Opinion | How a bankrupt hotel could help solve D.C.’s affordable housing problem

OpinionHow a bankrupt hotel could help solve D.C.’s affordable housing problem

D.C. Mayor Muriel E. Bowser at the Walter E. Washington Convention Center in D.C. on Jan. 2. (Matt McClain/The Washington Post)



D.C. Council Chair Phil Mendelson (D) often says D.C. doesn’t build housing, but in fact, Mayor Muriel E. Bowser (D) does. The greatest accomplishment of her administration, in my opinion, has been the construction of transitional housing for homeless families in each ward — all on public-owned property, all successfully managed by service providers such as Friendship Place and CORE DC.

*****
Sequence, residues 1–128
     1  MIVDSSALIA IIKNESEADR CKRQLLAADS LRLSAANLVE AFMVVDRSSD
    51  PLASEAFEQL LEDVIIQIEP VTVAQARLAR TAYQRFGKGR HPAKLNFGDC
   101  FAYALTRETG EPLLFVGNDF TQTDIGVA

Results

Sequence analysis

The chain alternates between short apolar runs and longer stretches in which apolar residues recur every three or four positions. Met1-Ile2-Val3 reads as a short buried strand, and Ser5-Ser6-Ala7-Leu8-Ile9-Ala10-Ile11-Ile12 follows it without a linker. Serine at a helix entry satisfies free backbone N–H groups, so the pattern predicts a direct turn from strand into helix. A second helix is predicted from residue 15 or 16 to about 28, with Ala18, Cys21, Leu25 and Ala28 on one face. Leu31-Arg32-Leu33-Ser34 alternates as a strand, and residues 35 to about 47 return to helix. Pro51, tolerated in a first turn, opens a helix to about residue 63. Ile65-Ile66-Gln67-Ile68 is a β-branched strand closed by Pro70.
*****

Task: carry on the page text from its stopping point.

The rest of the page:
According to the plans cited in Petula Dvorak’s Feb. 21 Metro column, “It’s time for Ward 3 to atone, beginning with the storied Wardman Park hotel,” the bankrupt Wardman Hotel could yield 500 units of affordable housing of all sizes and across income levels, including permanent places for homeless families to transition to once stabilized. Purchase of this exquisite site atop a Metro stop and overlooking Rock Creek Park should be the next step in the mayor’s vision to ensure housing affordability.

Robin Diener,Washington

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